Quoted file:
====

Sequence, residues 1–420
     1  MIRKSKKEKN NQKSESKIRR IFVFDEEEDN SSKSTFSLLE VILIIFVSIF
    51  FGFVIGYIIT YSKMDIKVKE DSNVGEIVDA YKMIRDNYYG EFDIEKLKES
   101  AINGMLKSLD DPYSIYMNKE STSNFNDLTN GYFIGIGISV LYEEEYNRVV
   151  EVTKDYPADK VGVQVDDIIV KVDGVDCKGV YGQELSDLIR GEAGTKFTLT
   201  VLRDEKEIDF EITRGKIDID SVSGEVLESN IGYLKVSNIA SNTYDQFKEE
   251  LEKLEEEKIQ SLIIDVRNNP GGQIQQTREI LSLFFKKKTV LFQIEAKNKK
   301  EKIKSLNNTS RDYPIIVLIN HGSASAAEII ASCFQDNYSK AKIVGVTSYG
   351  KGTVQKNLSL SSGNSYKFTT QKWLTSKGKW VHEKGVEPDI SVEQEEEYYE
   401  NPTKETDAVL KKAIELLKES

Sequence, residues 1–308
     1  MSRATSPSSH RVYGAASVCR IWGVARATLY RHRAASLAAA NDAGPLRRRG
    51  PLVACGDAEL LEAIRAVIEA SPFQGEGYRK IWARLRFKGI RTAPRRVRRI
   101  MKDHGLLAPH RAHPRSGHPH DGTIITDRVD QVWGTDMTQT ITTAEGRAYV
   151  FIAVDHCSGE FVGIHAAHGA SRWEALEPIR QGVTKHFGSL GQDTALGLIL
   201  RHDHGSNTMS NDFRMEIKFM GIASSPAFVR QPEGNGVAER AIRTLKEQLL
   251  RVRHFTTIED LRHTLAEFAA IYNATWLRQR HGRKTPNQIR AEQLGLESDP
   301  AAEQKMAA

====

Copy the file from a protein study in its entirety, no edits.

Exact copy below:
Sequence, residues 1–420
     1  MIRKSKKEKN NQKSESKIRR IFVFDEEEDN SSKSTFSLLE VILIIFVSIF
    51  FGFVIGYIIT YSKMDIKVKE DSNVGEIVDA YKMIRDNYYG EFDIEKLKES
   101  AINGMLKSLD DPYSIYMNKE STSNFNDLTN GYFIGIGISV LYEEEYNRVV
   151  EVTKDYPADK VGVQVDDIIV KVDGVDCKGV YGQELSDLIR GEAGTKFTLT
   201  VLRDEKEIDF EITRGKIDID SVSGEVLESN IGYLKVSNIA SNTYDQFKEE
   251  LEKLEEEKIQ SLIIDVRNNP GGQIQQTREI LSLFFKKKTV LFQIEAKNKK
   301  EKIKSLNNTS RDYPIIVLIN HGSASAAEII ASCFQDNYSK AKIVGVTSYG
   351  KGTVQKNLSL SSGNSYKFTT QKWLTSKGKW VHEKGVEPDI SVEQEEEYYE
   401  NPTKETDAVL KKAIELLKES

Sequence, residues 1–308
     1  MSRATSPSSH RVYGAASVCR IWGVARATLY RHRAASLAAA NDAGPLRRRG
    51  PLVACGDAEL LEAIRAVIEA SPFQGEGYRK IWARLRFKGI RTAPRRVRRI
   101  MKDHGLLAPH RAHPRSGHPH DGTIITDRVD QVWGTDMTQT ITTAEGRAYV
   151  FIAVDHCSGE FVGIHAAHGA SRWEALEPIR QGVTKHFGSL GQDTALGLIL
   201  RHDHGSNTMS NDFRMEIKFM GIASSPAFVR QPEGNGVAER AIRTLKEQLL
   251  RVRHFTTIED LRHTLAEFAA IYNATWLRQR HGRKTPNQIR AEQLGLESDP
   301  AAEQKMAA